The condenser microphones that I am familiar with use a higher voltage, often 300 volts. Of course they also have a very low noise vacuum tube amplifier in the same enclosure, In fact I think that at least one of them has a two-stage amplifier..
That 48 volts, or less, from Phantom power, and those circuits, seem a lot more like electret microphone circuits.
And at least some of the microphones I have worked with have relatively stiffer diaphrams. The trick is to form some rounded groves in the foil around the perimeter so that the foil can move like a piston instead of moving like a flexing element.
With a metal lathe cutting the die to for forming the grove and ridges will be a rather simple exercise. Just keep the edges of the grooves smooth.
Thanks Bill. Pretty sure I read somewhere that 48V can work on true condenser Mics but I have also seen higher voltages. I think this circuit here that uses 200V will be a good starting point for my experiments.

https://www.researchgate.net/figure...ement-condenser-microphones-56_fig7_265036087

Also interesting to hear that the diaphragms can be stiff and still work and yes I can make a die to ridge it as I am starting with some .002" copper sheeting. I can't believe the price of high value resistors. Might make my own or use a 1n4148 reverse bias for the low voltage resistor but not sure if that would produce too much noise. What kind of gap do you think will be required between the two plates? Obviously the smaller the gap the better but I am starting with 0.5mm and hoping I will get something I can go smaller but with 200V the risk of flash over becomes a real probability as the gap decreases!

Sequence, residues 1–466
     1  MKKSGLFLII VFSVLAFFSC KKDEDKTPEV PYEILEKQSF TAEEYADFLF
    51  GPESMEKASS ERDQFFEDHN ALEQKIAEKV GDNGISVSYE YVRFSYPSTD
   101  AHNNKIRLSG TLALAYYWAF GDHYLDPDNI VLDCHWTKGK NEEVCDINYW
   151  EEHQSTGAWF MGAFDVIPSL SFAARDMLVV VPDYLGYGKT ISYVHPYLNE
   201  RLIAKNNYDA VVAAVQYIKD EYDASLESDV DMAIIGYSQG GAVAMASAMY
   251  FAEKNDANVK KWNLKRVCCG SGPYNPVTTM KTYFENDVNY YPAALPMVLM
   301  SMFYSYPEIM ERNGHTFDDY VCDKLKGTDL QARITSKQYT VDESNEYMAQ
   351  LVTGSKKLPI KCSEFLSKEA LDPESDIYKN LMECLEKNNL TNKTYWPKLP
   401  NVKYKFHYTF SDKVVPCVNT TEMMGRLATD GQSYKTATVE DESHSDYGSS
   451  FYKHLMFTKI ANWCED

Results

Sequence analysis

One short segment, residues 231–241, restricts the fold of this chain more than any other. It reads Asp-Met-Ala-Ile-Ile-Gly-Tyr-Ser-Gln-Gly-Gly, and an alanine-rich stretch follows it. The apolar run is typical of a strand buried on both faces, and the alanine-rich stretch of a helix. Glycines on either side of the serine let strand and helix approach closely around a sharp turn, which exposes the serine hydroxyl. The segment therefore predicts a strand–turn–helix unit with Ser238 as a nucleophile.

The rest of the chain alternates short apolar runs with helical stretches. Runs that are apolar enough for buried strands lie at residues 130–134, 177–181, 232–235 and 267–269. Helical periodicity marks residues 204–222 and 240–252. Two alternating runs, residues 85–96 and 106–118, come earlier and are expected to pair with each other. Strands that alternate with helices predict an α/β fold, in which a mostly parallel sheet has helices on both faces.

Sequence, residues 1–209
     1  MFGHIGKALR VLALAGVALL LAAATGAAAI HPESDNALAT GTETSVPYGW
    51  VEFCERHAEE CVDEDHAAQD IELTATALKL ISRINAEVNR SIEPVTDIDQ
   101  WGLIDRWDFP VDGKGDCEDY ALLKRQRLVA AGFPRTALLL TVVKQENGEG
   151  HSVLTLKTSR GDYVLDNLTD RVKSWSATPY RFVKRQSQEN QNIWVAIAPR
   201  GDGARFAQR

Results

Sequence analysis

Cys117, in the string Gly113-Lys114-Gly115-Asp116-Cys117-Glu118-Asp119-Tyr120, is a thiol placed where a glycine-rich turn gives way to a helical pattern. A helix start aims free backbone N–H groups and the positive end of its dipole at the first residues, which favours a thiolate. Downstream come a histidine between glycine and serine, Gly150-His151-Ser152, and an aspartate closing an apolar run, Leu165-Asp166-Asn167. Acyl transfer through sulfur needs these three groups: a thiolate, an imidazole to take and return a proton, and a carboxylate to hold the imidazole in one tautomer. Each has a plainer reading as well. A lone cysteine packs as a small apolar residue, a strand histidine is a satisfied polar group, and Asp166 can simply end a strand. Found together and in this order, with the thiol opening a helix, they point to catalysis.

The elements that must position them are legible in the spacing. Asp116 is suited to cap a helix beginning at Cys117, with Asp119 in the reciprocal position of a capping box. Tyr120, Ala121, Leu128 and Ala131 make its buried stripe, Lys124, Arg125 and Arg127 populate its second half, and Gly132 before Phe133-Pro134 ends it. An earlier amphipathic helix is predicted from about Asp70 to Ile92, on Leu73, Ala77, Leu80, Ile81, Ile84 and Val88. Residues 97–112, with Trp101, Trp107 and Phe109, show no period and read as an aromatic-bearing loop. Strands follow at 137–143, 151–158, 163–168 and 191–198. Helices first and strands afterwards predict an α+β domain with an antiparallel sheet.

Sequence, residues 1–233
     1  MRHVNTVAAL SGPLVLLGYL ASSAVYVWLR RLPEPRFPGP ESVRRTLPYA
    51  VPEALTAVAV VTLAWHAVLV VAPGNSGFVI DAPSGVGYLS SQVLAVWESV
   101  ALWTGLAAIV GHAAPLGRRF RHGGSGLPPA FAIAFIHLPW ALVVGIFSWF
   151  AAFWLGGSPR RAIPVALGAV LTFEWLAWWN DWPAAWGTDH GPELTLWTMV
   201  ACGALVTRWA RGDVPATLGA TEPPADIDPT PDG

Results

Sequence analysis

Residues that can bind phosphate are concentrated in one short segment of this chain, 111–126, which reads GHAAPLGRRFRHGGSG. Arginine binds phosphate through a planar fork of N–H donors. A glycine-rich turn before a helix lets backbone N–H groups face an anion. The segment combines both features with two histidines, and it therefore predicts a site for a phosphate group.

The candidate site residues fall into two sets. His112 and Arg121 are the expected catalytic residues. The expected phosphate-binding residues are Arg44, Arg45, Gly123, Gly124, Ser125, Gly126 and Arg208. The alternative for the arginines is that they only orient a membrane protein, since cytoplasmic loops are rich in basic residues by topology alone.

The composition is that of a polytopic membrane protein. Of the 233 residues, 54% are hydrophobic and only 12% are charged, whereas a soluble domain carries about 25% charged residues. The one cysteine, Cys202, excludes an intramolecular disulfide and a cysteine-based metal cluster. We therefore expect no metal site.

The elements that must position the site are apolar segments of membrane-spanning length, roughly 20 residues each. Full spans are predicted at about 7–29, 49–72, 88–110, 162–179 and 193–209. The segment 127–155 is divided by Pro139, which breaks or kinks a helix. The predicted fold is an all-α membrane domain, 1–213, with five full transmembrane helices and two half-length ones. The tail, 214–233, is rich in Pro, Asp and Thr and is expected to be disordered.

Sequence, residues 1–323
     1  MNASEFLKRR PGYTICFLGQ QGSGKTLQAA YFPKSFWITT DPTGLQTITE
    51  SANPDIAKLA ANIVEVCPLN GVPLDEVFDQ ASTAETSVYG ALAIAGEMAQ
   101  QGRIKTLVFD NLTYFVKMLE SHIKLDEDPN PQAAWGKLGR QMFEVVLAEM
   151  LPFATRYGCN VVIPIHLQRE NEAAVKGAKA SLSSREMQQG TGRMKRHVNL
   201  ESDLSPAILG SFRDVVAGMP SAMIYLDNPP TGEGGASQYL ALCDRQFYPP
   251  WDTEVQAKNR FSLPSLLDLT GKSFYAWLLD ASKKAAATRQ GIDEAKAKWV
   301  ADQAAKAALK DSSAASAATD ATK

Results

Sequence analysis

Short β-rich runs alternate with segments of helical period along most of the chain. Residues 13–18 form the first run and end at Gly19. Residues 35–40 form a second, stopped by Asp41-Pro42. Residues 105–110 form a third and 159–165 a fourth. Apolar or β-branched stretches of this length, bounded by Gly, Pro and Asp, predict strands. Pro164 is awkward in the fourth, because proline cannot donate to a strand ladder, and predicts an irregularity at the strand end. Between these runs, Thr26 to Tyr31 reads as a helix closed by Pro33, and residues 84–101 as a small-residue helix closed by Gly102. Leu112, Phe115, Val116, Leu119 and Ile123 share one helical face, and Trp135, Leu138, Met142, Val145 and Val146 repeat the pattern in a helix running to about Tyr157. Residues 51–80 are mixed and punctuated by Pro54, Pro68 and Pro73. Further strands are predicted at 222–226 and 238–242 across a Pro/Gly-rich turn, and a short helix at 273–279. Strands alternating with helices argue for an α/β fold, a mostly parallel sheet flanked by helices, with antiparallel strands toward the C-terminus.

Ian0

Joined Aug 7, 2020
4,863
Cheers' The full article calls for 1T ohm resistors but 10G ohm is a good starting point.
Do you really hope to achieve 1TΩ? Can you actually keep it clean enough? 10GΩ seems to be good enough for AKG!
Is the low frequency cutoff equal to 2πRC where C is the microphone self-capacitance? In which case 10G would give a 20Hz cutoff for a 1pF microphone.